T&D World Magazine
Voltage Swells due to Switching Operation in Network

Voltage Swells due to Switching Operation in Network

We have a number of recognized transmission and distribution experts serving on our board of "Grid Masters." Several times each month we’ll post what we judge to be the toughest questions that also have high interest to our readers. At least one of our experts will respond. Want to challenge our Grid Masters for a chance to win?

Q: We are seeing voltage swells caused by switching operations and load disconnections. Phenomena is unpredictable and largely random. The neutral of a medium-voltage distribution network is grounded through a resistor and the neutral of the low voltage network is directly connected to the ground (TN-C scheme). We know there may be an increase in the voltage in the low voltage network when there is a significant unloading of the transformer. But perhaps there is an increased voltage in low voltage network when the transformer is reconnected after a disconnection (intentional or by protection), that causes a dangerous overvoltage to the customer? What would be the physical cause? EN 50160 standard does not exclude the possibility of voltage swells due to switching operation in network: 5.3.2.1.
-Question from Romania

A: Determining the root cause of intermittent phenomena can be especially challenging. That is particularly true in an electric distribution system where important parameters such as load levels are subject to significant changes over time.

It is presumed that the transformers used on a resistance- grounded medium voltage distribution system have either delta or ungrounded-wye primary windings. It is further presumed that these MV-LV transformers are three-phase with TN-C low voltage connection. One cause of voltage swells could be ferroresonance when transformers are connected to or disconnected from the MV system – particularly if the switching is performed with single-phase devices. Ferroresonance can result in significant voltage swells on both the MV and LV side of the transformer. This condition is made more likely by a variety of conditions. These include:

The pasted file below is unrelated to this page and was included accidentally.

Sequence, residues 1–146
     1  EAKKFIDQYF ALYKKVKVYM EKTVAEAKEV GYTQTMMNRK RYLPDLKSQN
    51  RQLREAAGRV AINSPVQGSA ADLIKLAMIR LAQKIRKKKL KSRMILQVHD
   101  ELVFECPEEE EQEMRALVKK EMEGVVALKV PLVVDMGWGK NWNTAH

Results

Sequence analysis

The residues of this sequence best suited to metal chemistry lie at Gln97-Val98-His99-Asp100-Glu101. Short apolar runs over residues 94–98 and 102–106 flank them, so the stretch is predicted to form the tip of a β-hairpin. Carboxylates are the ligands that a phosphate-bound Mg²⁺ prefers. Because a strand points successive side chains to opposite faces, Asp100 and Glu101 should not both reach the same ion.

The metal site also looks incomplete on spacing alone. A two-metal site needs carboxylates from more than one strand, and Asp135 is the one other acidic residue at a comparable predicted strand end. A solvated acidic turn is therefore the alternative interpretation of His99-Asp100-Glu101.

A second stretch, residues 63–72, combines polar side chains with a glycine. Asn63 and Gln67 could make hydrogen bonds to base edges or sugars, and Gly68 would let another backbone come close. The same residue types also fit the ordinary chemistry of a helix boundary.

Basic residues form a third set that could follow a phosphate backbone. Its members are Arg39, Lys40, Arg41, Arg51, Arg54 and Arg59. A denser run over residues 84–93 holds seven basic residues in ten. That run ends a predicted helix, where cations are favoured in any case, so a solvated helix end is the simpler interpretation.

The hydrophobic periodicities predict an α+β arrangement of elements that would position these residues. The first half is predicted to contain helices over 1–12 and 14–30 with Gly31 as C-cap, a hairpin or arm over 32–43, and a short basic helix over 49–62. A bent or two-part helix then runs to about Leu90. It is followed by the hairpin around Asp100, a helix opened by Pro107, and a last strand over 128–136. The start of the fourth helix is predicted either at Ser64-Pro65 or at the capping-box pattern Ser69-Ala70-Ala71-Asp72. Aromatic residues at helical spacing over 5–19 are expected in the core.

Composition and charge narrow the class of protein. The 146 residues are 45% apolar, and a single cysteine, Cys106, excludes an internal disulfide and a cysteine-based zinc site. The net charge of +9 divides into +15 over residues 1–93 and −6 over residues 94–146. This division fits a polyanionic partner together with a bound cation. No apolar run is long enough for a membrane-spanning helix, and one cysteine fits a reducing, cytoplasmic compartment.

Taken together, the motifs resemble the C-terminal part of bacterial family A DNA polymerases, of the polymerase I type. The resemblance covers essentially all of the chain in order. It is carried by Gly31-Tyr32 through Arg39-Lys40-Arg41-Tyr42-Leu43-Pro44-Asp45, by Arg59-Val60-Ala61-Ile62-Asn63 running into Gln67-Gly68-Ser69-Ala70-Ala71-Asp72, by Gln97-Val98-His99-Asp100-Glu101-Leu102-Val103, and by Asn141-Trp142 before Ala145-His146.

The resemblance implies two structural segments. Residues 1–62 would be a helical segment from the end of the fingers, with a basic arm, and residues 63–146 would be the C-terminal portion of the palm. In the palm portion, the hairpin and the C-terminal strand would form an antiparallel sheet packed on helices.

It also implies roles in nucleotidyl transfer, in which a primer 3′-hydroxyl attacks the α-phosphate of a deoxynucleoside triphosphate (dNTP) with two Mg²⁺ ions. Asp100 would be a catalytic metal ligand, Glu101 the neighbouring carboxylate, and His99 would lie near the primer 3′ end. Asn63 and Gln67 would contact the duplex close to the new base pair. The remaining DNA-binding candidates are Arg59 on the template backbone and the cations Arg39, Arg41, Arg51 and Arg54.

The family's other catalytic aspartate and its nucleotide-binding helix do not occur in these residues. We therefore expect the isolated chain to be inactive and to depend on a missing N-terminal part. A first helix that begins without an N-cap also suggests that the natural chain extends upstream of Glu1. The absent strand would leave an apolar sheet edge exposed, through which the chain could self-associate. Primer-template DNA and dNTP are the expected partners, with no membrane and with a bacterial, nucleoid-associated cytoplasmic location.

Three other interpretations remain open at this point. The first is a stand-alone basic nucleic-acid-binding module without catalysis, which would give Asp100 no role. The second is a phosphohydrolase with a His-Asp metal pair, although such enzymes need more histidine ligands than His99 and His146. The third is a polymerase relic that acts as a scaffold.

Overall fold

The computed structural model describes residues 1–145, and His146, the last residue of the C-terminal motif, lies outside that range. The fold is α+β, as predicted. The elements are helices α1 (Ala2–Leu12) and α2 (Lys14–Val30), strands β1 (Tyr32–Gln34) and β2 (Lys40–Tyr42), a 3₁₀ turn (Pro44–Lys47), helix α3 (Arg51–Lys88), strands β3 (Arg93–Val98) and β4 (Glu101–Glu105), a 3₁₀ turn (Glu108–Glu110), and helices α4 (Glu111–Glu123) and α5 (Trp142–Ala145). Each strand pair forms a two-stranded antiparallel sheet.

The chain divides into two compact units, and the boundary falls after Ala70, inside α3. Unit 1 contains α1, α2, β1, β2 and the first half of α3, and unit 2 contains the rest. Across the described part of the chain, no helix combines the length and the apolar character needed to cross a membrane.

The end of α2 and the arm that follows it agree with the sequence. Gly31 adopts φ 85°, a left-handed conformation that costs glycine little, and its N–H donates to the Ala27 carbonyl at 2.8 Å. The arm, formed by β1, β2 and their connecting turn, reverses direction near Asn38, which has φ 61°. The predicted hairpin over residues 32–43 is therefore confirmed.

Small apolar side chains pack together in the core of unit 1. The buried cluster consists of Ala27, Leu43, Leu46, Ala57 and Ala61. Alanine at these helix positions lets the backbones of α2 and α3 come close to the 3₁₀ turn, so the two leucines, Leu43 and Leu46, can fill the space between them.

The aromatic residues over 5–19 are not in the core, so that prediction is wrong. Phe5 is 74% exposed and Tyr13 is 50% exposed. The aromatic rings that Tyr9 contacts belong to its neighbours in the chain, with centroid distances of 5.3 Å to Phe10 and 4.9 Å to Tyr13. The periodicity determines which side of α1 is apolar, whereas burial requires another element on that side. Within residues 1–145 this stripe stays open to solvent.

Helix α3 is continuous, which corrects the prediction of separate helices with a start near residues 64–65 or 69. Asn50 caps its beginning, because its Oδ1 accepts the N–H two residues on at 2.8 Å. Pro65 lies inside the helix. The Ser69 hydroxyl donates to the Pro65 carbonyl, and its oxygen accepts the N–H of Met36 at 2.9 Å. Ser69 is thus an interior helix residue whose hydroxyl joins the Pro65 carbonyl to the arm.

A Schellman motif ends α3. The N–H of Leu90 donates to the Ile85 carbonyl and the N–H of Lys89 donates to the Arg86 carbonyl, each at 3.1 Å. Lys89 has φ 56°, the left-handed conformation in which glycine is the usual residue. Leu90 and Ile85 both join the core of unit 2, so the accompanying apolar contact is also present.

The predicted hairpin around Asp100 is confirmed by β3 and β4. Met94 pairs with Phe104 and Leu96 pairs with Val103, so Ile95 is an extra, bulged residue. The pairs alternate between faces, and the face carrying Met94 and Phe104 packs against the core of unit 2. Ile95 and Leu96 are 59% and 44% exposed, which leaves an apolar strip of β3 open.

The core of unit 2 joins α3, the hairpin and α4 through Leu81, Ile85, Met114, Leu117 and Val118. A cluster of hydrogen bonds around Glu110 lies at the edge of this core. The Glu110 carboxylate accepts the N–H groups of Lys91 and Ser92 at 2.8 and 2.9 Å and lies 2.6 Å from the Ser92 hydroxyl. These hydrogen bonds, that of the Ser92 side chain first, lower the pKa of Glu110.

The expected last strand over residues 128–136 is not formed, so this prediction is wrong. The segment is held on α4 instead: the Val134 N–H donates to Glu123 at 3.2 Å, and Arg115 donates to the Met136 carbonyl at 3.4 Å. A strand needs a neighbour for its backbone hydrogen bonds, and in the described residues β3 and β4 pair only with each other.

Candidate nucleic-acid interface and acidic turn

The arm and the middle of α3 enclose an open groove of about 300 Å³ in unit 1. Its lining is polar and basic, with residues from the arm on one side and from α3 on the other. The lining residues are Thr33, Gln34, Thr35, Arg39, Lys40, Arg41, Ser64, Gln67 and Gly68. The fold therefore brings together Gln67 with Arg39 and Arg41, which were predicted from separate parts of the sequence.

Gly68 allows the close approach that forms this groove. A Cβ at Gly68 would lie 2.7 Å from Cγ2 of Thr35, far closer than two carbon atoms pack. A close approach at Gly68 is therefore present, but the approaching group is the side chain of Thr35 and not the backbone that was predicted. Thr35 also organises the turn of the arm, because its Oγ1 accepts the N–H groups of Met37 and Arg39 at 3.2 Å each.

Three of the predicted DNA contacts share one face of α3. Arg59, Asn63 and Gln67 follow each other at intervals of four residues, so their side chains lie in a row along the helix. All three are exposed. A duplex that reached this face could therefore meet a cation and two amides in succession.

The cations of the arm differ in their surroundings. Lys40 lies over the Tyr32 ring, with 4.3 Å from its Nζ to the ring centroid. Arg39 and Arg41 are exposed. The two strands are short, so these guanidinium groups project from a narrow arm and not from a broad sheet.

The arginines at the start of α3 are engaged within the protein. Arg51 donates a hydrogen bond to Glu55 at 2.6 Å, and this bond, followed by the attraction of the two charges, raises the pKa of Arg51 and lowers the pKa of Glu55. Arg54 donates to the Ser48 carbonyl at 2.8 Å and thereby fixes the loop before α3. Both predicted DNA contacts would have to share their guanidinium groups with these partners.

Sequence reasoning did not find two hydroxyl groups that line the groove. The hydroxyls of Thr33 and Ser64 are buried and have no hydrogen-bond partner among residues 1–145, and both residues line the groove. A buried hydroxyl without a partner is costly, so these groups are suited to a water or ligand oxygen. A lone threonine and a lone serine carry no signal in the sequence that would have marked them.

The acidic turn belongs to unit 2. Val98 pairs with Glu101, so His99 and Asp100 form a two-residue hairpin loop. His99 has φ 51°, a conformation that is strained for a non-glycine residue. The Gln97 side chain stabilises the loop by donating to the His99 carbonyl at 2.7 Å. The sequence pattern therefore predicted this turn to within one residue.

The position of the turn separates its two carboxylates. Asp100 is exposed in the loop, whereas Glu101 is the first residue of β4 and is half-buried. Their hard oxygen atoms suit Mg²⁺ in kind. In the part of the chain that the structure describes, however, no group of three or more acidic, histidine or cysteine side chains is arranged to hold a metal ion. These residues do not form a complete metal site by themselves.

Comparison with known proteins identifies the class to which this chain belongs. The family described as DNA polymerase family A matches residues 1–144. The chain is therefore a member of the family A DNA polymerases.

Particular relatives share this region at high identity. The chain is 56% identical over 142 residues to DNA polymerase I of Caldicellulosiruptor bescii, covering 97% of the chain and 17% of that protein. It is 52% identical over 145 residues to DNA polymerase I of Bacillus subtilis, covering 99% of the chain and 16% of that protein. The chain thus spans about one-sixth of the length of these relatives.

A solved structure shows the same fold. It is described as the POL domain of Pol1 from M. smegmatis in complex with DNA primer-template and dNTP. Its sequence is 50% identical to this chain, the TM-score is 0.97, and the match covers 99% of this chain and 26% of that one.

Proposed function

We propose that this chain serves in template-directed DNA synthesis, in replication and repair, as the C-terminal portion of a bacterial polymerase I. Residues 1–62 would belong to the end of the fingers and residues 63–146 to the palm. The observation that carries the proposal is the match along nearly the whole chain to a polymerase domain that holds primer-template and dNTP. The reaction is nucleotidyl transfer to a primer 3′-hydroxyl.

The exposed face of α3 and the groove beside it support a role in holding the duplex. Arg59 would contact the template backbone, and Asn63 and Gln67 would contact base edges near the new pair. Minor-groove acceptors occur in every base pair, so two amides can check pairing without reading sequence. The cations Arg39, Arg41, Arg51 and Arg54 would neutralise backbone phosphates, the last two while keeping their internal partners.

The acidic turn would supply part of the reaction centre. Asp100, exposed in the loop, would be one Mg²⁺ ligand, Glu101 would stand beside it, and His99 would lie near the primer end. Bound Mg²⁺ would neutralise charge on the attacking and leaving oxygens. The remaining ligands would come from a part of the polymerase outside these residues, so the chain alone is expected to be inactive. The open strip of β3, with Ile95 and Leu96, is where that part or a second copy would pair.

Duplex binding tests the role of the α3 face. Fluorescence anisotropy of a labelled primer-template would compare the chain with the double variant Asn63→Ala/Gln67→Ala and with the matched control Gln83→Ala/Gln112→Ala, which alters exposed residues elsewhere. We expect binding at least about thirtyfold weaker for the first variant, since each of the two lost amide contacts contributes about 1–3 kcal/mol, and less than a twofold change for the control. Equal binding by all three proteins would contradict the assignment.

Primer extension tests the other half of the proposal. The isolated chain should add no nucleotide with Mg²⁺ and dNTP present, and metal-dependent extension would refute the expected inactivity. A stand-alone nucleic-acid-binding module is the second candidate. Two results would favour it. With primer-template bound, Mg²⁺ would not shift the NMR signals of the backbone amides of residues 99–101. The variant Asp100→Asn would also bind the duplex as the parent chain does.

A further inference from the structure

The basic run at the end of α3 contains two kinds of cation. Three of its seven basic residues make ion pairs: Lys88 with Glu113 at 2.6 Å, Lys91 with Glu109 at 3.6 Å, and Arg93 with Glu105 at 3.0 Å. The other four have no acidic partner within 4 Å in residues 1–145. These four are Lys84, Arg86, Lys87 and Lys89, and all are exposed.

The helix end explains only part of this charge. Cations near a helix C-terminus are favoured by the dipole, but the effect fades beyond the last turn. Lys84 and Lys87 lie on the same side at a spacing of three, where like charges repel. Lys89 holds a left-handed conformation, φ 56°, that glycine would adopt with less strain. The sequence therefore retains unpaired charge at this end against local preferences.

• Delta or ungrounded-wye primary transformer windings.
  • Relatively high distribution system voltage
  • Significant phase-to-ground capacitance on source due to shielded cables
  • Light load on transformer being switched

On U.S. multigrounded-wye distribution systems ferroresonance can be a problem if shielded cables are present in the circuit supplying a delta-connected transformer. This is why U.S. practice has migrated to grounded-wye connections on the primary winding of three-phase transformers for underground distribution systems. Long overhead circuits in rural areas, particularly on 25 kV-class systems, can also experience ferroresonance even during switching of ungrounded-wye overhead transformers. Concentrated MV capacitor installations can also contribute to ferroresonance on overhead systems. Small (<150 kVA) transformers are more susceptible, especially when there is no load on the secondary winding.

Another possible, but completely different, cause could be intermittent turn-to-turn shorting of high voltage winding(s) in an oil-filled transformer. This could be due to previous breakdown of the winding insulation under lightning surges. Of course, this could be intermittent but may not be strongly correlated with switching operations. This condition usually evolves into a sustained overvoltage condition on the affected winding. -

Edward S. Thomas, PE
Utility Electrical Consultants, PC

 

Hide comments

Comments

  • Allowed HTML tags: <em> <strong> <blockquote> <br> <p>

Plain text

  • No HTML tags allowed.
  • Web page addresses and e-mail addresses turn into links automatically.
  • Lines and paragraphs break automatically.
Publish